"If you look at the growth rate for online display advertising just doesn't look good," Fulgoni noted, citing the recent Interactive Advertising Bureau and PricewaterhouseCoopers' Internet Advertising Revenue Report for the fourth quarter of 2008. But that top line finding is misleading, Fulgoni added, citing a comScore analysis of the IAB data, which shows that ad spending on traditional, static online display ads such as banners actually is growing, not waning during the downturn.
After "peeling back the onion," Fulgoni said comScore's team found that the real hit in the so-called "display" business has been for "rich media" formats, which declined 19% during the fourth quarter.
"The banner actually increased in the fourth quarter," Fulgoni said, citing an 8% rise in the online industry's standard static advertising unit.
Fulgoni speculated that the main reason for rich media's decline is that marketers are opting for "cheaper media," and traditional banner ads are just a bigger bang for the buck. When asked then why online video advertising continues to rise, Fulgoni said it likely is because it's coming off a "smaller base" of total ad spending, and because marketers are more willing to experiment with the emerging medium.
Economic trends aside, Fulgoni indicated there is a more fundamental, underlying shift taking place in the way some big marketers - especially consumer packaged goods marketers - are starting to think about online advertising, and that the availability of better, more precise analytics and metrics showing the affect online advertising has on offline sales is beginning to alter their communications mix.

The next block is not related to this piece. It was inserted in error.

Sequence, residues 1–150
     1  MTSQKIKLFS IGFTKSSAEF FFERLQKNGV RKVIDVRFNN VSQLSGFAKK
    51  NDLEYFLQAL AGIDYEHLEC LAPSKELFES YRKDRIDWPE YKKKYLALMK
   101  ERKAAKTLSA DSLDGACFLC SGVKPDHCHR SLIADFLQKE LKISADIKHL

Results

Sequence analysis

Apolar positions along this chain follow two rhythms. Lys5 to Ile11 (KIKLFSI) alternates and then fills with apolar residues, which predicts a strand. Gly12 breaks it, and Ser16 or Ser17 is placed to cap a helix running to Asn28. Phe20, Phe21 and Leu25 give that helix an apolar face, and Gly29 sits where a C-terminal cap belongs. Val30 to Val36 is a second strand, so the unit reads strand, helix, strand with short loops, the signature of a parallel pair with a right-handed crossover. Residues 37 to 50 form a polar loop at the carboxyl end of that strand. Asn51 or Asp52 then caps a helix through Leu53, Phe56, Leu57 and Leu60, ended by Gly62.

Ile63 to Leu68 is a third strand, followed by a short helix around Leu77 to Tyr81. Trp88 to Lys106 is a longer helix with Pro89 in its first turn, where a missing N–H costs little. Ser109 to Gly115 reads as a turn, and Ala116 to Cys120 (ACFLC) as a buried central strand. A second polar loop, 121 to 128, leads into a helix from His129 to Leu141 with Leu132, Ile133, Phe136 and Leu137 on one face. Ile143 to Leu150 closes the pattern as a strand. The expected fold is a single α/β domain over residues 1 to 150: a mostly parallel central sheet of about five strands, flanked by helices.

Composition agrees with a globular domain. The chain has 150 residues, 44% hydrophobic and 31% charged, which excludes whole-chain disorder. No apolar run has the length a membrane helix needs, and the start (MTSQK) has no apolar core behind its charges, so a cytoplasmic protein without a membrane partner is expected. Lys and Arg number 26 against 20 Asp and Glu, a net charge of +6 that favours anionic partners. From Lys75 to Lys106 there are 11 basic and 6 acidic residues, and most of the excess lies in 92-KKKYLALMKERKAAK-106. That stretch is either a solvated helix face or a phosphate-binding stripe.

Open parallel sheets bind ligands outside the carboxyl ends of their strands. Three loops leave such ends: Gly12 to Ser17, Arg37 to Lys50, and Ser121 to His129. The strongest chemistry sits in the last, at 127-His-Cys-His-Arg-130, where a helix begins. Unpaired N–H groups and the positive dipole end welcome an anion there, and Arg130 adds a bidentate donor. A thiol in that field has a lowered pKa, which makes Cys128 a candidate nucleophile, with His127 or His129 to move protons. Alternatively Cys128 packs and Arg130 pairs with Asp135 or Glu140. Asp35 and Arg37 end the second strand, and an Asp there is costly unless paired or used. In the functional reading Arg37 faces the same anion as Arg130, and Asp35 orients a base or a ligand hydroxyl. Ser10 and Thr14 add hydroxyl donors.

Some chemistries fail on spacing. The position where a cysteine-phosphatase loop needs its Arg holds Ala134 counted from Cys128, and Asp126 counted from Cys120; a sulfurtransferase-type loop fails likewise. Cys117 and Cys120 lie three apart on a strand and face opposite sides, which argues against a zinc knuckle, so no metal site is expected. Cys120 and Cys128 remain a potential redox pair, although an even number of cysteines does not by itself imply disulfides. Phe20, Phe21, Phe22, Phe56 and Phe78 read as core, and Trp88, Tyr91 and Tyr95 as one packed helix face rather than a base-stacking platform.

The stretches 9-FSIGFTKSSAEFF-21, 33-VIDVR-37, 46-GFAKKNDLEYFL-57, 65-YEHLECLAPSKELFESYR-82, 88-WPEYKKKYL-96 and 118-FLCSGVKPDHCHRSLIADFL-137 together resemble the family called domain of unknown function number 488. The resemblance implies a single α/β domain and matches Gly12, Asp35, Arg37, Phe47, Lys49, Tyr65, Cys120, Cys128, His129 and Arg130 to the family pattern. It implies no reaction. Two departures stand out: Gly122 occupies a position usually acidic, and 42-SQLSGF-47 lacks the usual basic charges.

Fulgoni, who before founding comScore was the head of consumer product scanner data tracking firm Information Resources Inc., said the availability of the new data and insights will lead to a reallocation of budgets to online media. He even cited a recent white paper released by comScore online audience measurement competitor Compete, which he termed a "nice study," revealing the "power of search on [consumer packaged goods marketing]."
Fulgoni implied, however, that that market is still largely untapped, and that "there's a gold mine here" for the companies who figure out how to mine the data.